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Ruby Programming
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Implementing Iterators

A Ruby iterator is simply a method that can invoke a block of code. At first sight, a block in Ruby looks just like a block in C, Java, or Perl. Unfortunately, in this case looks are deceiving---a Ruby block is a way of grouping statements, but not in the conventional way.

First, a block may appear only in the source adjacent to a method call; the block is written starting on the same line as the method's last parameter. Second, the code in the block is not executed at the time it is encountered. Instead, Ruby remembers the context in which the block appears (the local variables, the current object, and so on), and then enters the method. This is where the magic starts.

Within the method, the block may be invoked, almost as if it were a method itself, using the yield statement. Whenever a yield is executed, it invokes the code in the block. When the block exits, control picks back up immediately after the yield.[Programming-language buffs will be pleased to know that the keyword yield was chosen to echo the yield function in Liskov's language CLU, a language that is over 20 years old and yet contains features that still haven't been widely exploited by the CLU-less.] Let's start with a trivial example.

def threeTimes
threeTimes { puts "Hello" }

The block (the code between the braces) is associated with the call to the method threeTimes. Within this method, yield is called three times in a row. Each time, it invokes the code in the block, and a cheery greeting is printed. What makes blocks interesting, however, is that you can pass parameters to them and receive values back from them. For example, we could write a simple function that returns members of the Fibonacci series up to a certain value.[The basic Fibonacci series is a sequence of integers, starting with two 1's, in which each subsequent term is the sum of the two preceding terms. The series is sometimes used in sorting algorithms and in analyzing natural phenomena.]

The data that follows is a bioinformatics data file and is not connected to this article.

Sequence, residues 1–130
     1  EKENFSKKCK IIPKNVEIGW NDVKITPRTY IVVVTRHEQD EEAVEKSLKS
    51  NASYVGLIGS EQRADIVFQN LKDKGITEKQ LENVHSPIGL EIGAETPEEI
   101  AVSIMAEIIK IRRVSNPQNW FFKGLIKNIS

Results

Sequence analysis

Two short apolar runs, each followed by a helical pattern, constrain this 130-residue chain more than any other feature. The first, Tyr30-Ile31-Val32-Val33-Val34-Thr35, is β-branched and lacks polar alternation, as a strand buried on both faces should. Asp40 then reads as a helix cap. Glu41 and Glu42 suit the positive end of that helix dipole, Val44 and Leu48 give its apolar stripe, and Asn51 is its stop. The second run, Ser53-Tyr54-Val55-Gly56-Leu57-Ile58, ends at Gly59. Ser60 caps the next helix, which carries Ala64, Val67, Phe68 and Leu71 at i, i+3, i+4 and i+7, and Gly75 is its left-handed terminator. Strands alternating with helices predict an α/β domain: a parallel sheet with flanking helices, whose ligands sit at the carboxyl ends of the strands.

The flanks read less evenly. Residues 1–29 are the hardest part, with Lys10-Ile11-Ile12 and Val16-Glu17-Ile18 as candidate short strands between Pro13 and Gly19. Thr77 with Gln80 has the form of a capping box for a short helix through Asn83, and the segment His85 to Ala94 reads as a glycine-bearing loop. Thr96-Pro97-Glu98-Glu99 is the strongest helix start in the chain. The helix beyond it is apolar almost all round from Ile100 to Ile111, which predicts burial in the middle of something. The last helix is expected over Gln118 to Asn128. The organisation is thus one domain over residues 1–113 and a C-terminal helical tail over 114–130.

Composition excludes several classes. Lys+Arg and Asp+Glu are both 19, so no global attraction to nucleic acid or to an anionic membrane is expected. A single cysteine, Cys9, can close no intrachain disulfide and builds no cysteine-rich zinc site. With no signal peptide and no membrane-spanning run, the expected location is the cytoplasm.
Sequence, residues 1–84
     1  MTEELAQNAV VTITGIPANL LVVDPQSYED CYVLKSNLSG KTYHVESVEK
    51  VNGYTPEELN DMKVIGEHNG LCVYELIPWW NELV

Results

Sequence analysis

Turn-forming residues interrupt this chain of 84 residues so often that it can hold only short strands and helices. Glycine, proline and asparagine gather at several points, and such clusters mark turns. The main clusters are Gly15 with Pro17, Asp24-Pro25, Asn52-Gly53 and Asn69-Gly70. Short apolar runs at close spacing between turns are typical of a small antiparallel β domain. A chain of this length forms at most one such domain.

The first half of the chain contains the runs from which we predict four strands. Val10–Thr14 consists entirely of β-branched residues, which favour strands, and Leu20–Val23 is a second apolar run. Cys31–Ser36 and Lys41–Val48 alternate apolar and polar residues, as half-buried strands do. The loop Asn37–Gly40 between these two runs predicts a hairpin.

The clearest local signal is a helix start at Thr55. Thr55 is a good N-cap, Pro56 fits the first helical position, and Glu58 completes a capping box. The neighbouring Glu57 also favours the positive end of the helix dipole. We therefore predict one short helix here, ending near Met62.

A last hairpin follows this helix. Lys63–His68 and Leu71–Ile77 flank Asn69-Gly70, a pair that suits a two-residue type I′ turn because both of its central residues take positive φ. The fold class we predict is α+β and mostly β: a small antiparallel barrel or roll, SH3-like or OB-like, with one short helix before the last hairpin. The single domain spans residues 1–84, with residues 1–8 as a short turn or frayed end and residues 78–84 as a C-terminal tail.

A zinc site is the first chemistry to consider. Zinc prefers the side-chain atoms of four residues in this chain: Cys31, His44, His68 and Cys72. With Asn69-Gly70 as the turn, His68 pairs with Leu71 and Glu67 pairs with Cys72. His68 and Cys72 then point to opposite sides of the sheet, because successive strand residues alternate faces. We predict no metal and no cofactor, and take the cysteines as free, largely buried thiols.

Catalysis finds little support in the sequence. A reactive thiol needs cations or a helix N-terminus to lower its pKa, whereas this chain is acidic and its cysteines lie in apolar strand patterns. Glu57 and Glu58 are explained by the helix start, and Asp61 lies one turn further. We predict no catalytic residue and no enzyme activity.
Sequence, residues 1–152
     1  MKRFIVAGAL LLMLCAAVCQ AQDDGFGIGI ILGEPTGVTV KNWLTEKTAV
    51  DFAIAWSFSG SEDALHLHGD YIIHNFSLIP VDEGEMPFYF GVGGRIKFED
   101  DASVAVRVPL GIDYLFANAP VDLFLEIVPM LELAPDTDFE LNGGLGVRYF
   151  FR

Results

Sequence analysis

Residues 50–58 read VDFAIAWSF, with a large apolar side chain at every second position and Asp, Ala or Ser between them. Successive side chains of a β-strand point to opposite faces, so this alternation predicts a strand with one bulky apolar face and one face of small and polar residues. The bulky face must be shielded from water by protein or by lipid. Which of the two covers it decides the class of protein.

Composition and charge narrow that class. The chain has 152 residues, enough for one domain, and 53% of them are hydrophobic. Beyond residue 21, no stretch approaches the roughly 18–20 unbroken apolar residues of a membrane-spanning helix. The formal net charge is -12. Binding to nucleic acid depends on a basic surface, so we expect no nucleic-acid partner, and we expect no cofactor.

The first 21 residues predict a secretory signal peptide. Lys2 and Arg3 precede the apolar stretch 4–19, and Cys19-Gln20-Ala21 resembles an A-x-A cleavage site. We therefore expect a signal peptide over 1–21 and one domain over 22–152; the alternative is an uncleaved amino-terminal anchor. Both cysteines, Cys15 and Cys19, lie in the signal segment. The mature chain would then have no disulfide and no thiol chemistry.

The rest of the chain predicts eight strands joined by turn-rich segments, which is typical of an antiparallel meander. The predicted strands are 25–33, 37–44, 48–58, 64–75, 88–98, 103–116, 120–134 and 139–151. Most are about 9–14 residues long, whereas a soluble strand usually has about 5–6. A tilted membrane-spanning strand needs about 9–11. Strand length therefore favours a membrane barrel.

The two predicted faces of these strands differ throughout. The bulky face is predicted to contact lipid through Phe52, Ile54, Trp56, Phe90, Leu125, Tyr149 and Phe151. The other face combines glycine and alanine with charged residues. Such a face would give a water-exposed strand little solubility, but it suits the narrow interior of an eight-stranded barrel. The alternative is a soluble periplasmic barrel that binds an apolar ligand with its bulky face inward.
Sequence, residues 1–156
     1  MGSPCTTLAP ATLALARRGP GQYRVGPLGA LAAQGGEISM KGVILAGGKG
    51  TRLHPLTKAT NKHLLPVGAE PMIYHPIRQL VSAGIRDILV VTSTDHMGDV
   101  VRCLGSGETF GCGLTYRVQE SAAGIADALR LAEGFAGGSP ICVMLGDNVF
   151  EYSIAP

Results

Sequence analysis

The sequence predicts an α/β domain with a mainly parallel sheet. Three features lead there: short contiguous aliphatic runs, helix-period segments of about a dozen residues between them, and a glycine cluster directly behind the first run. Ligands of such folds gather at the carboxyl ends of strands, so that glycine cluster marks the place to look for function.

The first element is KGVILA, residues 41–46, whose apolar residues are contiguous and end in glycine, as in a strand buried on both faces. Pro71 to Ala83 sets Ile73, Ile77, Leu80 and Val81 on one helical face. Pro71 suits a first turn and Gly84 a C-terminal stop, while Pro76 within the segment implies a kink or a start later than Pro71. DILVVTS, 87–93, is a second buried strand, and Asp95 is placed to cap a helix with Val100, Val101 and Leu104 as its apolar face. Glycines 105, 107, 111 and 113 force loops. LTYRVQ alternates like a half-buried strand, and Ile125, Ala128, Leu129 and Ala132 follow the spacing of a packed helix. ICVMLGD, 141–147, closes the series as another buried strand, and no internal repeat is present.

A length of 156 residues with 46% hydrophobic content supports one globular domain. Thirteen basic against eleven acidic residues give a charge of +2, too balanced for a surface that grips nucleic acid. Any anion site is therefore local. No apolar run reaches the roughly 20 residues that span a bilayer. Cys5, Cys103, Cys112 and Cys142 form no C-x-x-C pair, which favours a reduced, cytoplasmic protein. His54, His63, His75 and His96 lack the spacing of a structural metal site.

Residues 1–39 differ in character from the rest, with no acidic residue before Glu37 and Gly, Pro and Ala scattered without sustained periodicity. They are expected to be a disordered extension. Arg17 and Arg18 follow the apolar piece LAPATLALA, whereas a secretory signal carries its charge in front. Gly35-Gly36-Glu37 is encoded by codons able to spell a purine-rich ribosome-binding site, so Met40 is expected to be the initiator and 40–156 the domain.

def fibUpTo(max)
  i1, i2 = 1, 1        # parallel assignment
  while i1 <= max
    yield i1
    i1, i2 = i2, i1+i2
fibUpTo(1000) { |f| print f, " " }
1 1 2 3 5 8 13 21 34 55 89 144 233 377 610 987

In this example, the yield statement has a parameter. This value is passed to the associated block. In the definition of the block, the argument list appears between vertical bars. In this instance, the variable f receives the value passed to the yield, so the block prints successive members of the series. (This example also shows parallel assignment in action. We'll come back to this on page 75.) Although it is common to pass just one value to a block, this is not a requirement; a block may have any number of arguments. What happens if a block has a different number of parameters than are given to the yield? By a staggering coincidence, the rules we discuss under parallel assignment come into play (with a slight twist: multiple parameters passed to a yield are converted to an array if the block has just one argument).

Parameters to a block may be existing local variables; if so, the new value of the variable will be retained after the block completes. This may lead to unexpected behavior, but there is also a performance gain to be had by using variables that already exist.[For more information on this and other ``gotchas,'' see the list beginning on page 127; more performance information begins on page 128.]

A block may also return a value to the method. The value of the last expression evaluated in the block is passed back to the method as the value of the yield. This is how the find method used by class Array works.[The find method is actually defined in module Enumerable, which is mixed into class Array.] Its implementation would look something like the following.

class Array
  def find
    for i in 0...size
      value = self[i]
      return value if yield(value)
    return nil
[1, 3, 5, 7, 9].find {|v| v*v > 30 } 7

This passes successive elements of the array to the associated block. If the block returns true, the method returns the corresponding element. If no element matches, the method returns nil. The example shows the benefit of this approach to iterators. The Array class does what it does best, accessing array elements, leaving the application code to concentrate on its particular requirement (in this case, finding an entry that meets some mathematical criteria).

Some iterators are common to many types of Ruby collections. We've looked at find already. Two others are each and collect. each is probably the simplest iterator---all it does is yield successive elements of its collection.

[ 1, 3, 5 ].each { |i| puts i }

The each iterator has a special place in Ruby; on page 85 we'll describe how it's used as the basis of the language's for loop, and starting on page 102 we'll see how defining an each method can add a whole lot more functionality to your class for free.

Another common iterator is collect, which takes each element from the collection and passes it to the block. The results returned by the block are used to construct a new array. For instance:

["H", "A", "L"].collect { |x| x.succ } ["I", "B", "M"]

Ruby Programming
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